Getting the Job Done


Objectively, the current staff lineup is the strongest it has ever been. We have people who are around to do what they need to do, and a clear structure that dictates what areas of Magic-League each staff member has responsibility for. We aren't perfect of course, but we try to do the best we can given that we have our own lives to navigate as well.

Traditionally, any overarching changes to Magic-League's structure has come from staff members. Since becoming first a judge and then a staff member, I have tried to engage the wider community as a whole sufficiently to motivate them to volunteer to take on different responsibilities to benefit of Magic-League as a whole. Whilst most of this is in the direction of judging and/or coverage, I have also attempted to get people to commit to an entire project from ideas to implementation. Some of the greatest ideas that have been raised for improving Magic-League have never come to fruition because those people throw an idea out and then leave it to dry out in the heat like so much beef jerky.

It comes down to staff involvement with ideas.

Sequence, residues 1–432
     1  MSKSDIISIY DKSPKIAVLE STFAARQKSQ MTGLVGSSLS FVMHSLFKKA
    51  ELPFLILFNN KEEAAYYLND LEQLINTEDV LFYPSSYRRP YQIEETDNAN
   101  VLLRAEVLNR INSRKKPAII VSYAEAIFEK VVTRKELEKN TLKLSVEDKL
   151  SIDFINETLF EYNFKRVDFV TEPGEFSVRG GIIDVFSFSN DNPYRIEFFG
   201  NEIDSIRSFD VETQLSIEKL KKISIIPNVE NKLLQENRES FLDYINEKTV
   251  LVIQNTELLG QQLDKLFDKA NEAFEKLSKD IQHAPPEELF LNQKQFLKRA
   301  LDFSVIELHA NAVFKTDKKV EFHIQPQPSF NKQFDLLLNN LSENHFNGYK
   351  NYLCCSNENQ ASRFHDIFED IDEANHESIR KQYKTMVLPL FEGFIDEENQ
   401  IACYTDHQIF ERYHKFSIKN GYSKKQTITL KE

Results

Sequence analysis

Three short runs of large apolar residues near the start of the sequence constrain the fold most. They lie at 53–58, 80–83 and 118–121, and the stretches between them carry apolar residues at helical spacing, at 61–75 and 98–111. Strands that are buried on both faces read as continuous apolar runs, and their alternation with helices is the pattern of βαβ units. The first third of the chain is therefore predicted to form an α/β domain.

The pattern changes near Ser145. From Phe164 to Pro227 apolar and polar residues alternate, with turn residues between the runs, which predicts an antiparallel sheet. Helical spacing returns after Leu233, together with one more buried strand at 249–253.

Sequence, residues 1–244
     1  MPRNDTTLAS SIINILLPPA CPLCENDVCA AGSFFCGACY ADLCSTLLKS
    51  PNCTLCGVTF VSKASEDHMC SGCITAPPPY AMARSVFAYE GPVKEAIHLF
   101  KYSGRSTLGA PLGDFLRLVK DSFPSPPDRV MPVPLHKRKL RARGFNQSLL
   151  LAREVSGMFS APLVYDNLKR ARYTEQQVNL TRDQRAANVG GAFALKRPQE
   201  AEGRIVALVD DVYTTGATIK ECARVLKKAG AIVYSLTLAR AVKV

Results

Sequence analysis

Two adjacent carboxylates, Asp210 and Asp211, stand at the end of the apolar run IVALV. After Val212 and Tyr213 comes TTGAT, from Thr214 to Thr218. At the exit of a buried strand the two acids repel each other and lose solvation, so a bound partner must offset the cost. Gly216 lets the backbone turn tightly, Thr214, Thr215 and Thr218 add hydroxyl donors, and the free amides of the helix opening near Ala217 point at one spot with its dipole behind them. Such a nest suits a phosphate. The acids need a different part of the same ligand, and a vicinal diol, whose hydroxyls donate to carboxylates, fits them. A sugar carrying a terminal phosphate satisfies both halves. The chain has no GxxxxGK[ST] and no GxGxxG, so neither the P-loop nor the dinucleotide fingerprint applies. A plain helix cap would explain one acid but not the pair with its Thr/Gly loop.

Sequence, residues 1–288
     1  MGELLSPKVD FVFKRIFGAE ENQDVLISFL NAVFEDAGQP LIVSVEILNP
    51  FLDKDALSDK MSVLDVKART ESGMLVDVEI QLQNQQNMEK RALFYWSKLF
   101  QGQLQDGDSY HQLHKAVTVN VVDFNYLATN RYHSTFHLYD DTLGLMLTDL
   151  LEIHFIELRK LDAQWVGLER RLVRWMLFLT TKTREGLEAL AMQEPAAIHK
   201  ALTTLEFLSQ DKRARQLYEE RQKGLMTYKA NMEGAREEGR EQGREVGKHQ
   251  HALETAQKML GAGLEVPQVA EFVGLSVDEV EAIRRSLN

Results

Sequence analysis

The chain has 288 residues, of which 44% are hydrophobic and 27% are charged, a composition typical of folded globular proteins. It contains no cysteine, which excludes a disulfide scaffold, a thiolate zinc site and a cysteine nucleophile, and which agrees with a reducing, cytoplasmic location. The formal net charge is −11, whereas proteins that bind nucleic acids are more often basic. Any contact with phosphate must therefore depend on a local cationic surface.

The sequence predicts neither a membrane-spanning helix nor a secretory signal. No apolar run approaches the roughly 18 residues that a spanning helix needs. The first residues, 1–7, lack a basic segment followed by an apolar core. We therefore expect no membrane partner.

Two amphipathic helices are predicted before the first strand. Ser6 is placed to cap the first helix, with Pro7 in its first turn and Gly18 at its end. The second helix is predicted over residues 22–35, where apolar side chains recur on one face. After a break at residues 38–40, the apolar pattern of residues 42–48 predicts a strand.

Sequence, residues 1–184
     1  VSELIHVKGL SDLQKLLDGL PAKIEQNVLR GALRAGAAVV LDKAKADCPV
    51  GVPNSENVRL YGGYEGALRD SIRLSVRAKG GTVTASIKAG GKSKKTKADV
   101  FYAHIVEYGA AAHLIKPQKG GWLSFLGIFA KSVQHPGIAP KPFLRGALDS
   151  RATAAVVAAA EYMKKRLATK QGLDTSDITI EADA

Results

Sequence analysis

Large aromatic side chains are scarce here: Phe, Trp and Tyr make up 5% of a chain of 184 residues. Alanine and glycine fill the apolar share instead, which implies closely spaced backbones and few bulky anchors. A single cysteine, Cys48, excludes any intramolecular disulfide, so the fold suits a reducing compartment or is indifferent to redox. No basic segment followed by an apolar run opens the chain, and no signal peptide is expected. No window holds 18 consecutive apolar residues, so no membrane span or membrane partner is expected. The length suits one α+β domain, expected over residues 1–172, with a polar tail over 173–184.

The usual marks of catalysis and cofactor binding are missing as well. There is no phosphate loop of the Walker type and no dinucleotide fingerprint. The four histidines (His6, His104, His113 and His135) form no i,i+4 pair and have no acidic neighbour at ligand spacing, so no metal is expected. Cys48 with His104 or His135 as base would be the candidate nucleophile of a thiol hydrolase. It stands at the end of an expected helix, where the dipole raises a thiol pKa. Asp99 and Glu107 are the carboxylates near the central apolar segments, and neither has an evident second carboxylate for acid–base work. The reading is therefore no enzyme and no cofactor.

For structural changes to Magic-League, often they will require staff assent and/or implementation. For most people, they see this as 'staff require involvement in planning every new change'. Whilst Magic-League staff will often need to put into practice any planned changes to Magic-League's operations, often it just requires a nod from the staff members (currently there is a proposition from one member about creating 'official' draft patches that awaits other staff members agreeing to it). For the ideas that have been lost to time, if the community members that proposed it put sufficient planning in to make sure it was feasible and well-planned, I don't think any staff member would knock it back.

The bottom line: If you want change in Magic-League, take the time to put together either a compelling argument or detailed plan of what you want out of Magic-League. The more information staff have to go on, the easier it is for us to take into consideration and the easier it is for us to implement it.


Magic Corps


With all this information, there needs to be action. Some of the challenges Magic-League faces don't have simple solutions, and it will require everybody to willingly engage in debate to develop solutions.

So, what is needed from the main elements of the community?


Staff